BHP CEO Mike Henry led the opening of Spence’s new copper concentrator in Chile. The $2.46 billion project will process 95,000 metric tons per day (mt/d) to produce copper concentrate and molybdenum concentrate. It will extend the life of the Spence operation in Chile for another 50 years.

The company said the inauguration of the concentrator is part of BHP’s plan to reinforce its copper portfolio, strengthening the company’s operations to respond to a global demand for the metal that will double in the coming decades.

Mike Henry was accompanied by President of BHP Minerals Americas Rag Udd, President of BHP Pampa Norte Cristián Sandoval, Undersecretary of Mining Willy Kracht, as well as local authorities and residents of Sierra Gorda and Baquedano.

“This is a significant moment for BHP in Chile, where we have been for more than 30 years and we want to continue on this path of joint development and collaboration,” Henry said. “Chile has great opportunities to provide the commodities that the world needs to de-carbonize and improve living standards. But we cannot do it on our own. We need to continue working with industry, government, and communities to continue development in a safe, sustainable manner, and to create value for everyone along this way.”

The government is committed to creating conditions that allow for a harmonious development of mining activity, Kracht said. “From this perspective, we value the industry’s efforts to responsibly increase Chilean copper production and I would like to recognize BHP for the great achievement of having completed the construction and commissioning of the Spence concentrator in such a complex context, as the one created by the pandemic,” he added.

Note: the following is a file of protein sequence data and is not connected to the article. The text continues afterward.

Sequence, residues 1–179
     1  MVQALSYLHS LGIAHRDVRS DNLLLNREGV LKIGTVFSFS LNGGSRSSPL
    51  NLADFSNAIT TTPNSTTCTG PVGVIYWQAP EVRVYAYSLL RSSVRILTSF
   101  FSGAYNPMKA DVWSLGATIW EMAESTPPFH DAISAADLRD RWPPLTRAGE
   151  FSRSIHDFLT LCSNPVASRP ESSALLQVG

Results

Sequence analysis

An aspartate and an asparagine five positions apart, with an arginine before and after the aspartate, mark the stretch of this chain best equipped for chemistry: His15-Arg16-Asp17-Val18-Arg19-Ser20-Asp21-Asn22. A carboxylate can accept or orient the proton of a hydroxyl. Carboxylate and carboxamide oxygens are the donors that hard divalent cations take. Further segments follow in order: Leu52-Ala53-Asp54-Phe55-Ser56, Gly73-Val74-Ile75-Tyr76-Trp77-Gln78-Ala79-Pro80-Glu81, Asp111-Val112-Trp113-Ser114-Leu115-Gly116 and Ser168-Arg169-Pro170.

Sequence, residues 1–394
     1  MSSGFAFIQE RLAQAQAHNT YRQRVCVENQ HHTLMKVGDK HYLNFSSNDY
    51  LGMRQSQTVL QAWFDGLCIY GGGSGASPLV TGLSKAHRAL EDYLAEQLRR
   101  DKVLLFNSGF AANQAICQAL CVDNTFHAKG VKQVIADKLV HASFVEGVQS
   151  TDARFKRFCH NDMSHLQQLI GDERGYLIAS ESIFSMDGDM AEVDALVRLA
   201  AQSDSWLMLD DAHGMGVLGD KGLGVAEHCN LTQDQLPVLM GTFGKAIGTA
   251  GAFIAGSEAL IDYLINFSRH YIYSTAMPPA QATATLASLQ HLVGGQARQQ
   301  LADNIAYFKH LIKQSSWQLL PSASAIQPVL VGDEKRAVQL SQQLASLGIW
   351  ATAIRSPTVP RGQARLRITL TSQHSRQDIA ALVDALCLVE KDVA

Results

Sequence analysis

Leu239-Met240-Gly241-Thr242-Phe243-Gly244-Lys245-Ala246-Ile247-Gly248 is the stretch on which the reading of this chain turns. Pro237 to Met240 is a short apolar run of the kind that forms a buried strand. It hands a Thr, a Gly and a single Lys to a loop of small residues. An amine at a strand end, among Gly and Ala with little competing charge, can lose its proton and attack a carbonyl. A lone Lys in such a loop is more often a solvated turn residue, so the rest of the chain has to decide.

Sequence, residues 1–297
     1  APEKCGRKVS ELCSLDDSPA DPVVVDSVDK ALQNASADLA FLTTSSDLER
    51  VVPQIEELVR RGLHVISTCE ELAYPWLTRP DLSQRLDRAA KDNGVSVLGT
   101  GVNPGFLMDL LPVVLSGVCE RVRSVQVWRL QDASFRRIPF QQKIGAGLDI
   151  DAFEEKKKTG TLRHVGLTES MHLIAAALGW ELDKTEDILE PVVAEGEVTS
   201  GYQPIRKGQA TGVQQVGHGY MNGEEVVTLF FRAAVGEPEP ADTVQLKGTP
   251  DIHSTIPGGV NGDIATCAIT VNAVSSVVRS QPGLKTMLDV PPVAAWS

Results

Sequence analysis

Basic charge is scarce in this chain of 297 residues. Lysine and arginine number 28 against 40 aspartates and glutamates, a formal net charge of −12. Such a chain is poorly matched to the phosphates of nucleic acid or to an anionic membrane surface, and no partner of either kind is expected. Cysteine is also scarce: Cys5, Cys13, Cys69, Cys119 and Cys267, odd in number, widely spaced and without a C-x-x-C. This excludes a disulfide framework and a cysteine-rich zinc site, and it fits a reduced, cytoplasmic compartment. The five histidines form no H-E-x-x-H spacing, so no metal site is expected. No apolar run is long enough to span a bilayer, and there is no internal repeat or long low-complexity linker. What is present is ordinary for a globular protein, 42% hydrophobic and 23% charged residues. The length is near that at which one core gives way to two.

Sandoval said the project represented “a meeting point for emerging talent, for the incorporation of women into mining and new opportunities for all workers and communities in the region.”

The new concentrator was built with an inclusive and diverse workforce. Today, 32.7% of Spence workers are women, and BHP said it will continue to move in this direction. During the construction process, which lasted 1,180 days, more than 12,000 workers were employed and it was the only mining project in Chile that did not stop construction during the pandemic.

On a technical level, water for the new concentrator is supplied by a desalination plant located in Mejillones, which allows Spence to operate exclusively with desalinated seawater today, and power for the concentrator is supplied exclusively from renewable sources.

Added to this is the implementation of new flotation technology, which uses 60% less energy and occupies 50% less space than conventional plants. This will generate lower energy consumption and reduced emission of greenhouse gases, the company said.

In addition, innovations at Spence include the implementation of a fleet of five drills and 33 autonomous trucks, which will allow progressing in the electrification of material handling processes.